• Ask for help: It is essential to communicate and share feelings face-to-face with someone who does not judge you, such as a friend, parent, or sibling school counsellor or psychologist.

  • Reconnect: Make an effort to reconnect with old friends.

  • Join a support group of trauma survivors: Communicating with people who went through the same conditions and hearing ways to cope with trauma can reduce feelings of isolation.

  • Be a part of social activities: Although people experiencing trauma generally do not like participating in social activities, reducing negative thoughts’ risks is essential.

  • Help others: Helping others or volunteering for social work helps you cope and reduces feelings of helplessness post-trauma.

  • Make new friends: If you don’t have family nearby, try to make new friends. Find people with similar interests who are easy to connect with.

Take care of your health.

  • Get sufficient sleep: Sleeping for 6-8 hours at night can cure most health conditions. Try to regulate your sleep cycles. Try to go to bed at a fixed time and keep gadgets at bay during bedtime.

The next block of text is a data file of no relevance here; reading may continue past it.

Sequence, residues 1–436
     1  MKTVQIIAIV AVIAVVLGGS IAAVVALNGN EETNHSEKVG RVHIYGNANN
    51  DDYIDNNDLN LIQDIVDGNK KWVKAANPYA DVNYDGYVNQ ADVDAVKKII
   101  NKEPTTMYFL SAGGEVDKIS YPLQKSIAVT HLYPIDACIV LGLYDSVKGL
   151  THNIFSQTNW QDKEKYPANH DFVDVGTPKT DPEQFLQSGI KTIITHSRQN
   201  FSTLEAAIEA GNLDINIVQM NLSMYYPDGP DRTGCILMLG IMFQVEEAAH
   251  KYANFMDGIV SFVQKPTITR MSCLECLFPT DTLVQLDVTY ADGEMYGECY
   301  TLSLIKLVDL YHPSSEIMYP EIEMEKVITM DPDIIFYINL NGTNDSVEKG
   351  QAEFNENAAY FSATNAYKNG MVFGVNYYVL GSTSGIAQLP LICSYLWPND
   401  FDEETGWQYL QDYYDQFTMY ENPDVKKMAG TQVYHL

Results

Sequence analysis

• Cut out substance abuse: Avoid Alcohol and drug abuse because they can exacerbate trauma symptoms and increase stress, anxiety, and loneliness.

  • Eat a healthy diet: Eating a healthy and balanced diet keeps you fit and lessens trauma symptoms. Include omega-3-rich foods such as salmon, walnuts and soybeans in your diet. Avoid fried and sugary foods.

Try medications and therapy.

  • Medications: While medications cannot completely heal trauma, they can help a person manage symptoms, including anxiety, depression and insomnia. The doctor may suggest antidepressants and anti-anxiety medications.

  • Therapy: Cognitive behavioural therapy (CBT), Cognitive Drill Therapy (CDT) are effective treatment methods for psychological trauma. It helps people regulate their thought processes, improving their emotions and behaviours.

Conclusion

However, intense reactions you have to psychological trauma are normal. Many factors cause psychological trauma, and the various symptoms can make you feel mentally unstable, but the condition is manageable. Communicating with friends and family and seeking medical care can help us effectively overcome psychological trauma’s effects.

References
[1] Emotional and psychological trauma – Helpguide.org.”
[2] “Post-traumatic stress disorder (PTSD),” Mayo Clinic, 13-Dec-2022. [Online]. Available: https://www.mayoclinic.org/diseases-conditions/. [Accessed: 22-Dec-2022].
[3] Wikipedia contributors, “Psychological trauma,” Wikipedia, The Free Encyclopedia, 17-Dec-2022. [Online]. Available: https://en.wikipedia.org/.